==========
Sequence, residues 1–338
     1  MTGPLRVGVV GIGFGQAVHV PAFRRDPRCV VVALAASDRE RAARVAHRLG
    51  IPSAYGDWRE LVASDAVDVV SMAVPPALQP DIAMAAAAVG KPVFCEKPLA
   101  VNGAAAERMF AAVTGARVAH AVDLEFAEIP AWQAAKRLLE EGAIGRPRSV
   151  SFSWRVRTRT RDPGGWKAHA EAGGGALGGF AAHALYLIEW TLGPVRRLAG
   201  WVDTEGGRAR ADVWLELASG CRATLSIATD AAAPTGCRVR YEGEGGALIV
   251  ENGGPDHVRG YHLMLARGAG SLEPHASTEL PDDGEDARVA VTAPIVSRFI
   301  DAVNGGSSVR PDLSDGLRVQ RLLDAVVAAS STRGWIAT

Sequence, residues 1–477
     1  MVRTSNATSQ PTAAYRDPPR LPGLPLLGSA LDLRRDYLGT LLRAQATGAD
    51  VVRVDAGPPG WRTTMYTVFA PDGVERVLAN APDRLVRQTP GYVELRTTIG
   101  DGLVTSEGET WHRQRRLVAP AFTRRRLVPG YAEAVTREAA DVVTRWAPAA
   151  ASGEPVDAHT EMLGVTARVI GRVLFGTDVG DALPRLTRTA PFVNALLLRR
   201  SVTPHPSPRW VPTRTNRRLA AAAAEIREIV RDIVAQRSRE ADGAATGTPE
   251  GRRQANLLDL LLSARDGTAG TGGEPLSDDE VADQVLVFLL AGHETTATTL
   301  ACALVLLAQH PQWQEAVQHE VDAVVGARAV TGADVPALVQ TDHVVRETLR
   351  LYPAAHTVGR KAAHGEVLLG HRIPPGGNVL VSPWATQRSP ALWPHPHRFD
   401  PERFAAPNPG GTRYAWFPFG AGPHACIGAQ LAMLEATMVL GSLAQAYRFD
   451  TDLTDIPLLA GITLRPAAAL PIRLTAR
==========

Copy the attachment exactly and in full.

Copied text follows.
Sequence, residues 1–338
     1  MTGPLRVGVV GIGFGQAVHV PAFRRDPRCV VVALAASDRE RAARVAHRLG
    51  IPSAYGDWRE LVASDAVDVV SMAVPPALQP DIAMAAAAVG KPVFCEKPLA
   101  VNGAAAERMF AAVTGARVAH AVDLEFAEIP AWQAAKRLLE EGAIGRPRSV
   151  SFSWRVRTRT RDPGGWKAHA EAGGGALGGF AAHALYLIEW TLGPVRRLAG
   201  WVDTEGGRAR ADVWLELASG CRATLSIATD AAAPTGCRVR YEGEGGALIV
   251  ENGGPDHVRG YHLMLARGAG SLEPHASTEL PDDGEDARVA VTAPIVSRFI
   301  DAVNGGSSVR PDLSDGLRVQ RLLDAVVAAS STRGWIAT

Sequence, residues 1–477
     1  MVRTSNATSQ PTAAYRDPPR LPGLPLLGSA LDLRRDYLGT LLRAQATGAD
    51  VVRVDAGPPG WRTTMYTVFA PDGVERVLAN APDRLVRQTP GYVELRTTIG
   101  DGLVTSEGET WHRQRRLVAP AFTRRRLVPG YAEAVTREAA DVVTRWAPAA
   151  ASGEPVDAHT EMLGVTARVI GRVLFGTDVG DALPRLTRTA PFVNALLLRR
   201  SVTPHPSPRW VPTRTNRRLA AAAAEIREIV RDIVAQRSRE ADGAATGTPE
   251  GRRQANLLDL LLSARDGTAG TGGEPLSDDE VADQVLVFLL AGHETTATTL
   301  ACALVLLAQH PQWQEAVQHE VDAVVGARAV TGADVPALVQ TDHVVRETLR
   351  LYPAAHTVGR KAAHGEVLLG HRIPPGGNVL VSPWATQRSP ALWPHPHRFD
   401  PERFAAPNPG GTRYAWFPFG AGPHACIGAQ LAMLEATMVL GSLAQAYRFD
   451  TDLTDIPLLA GITLRPAAAL PIRLTAR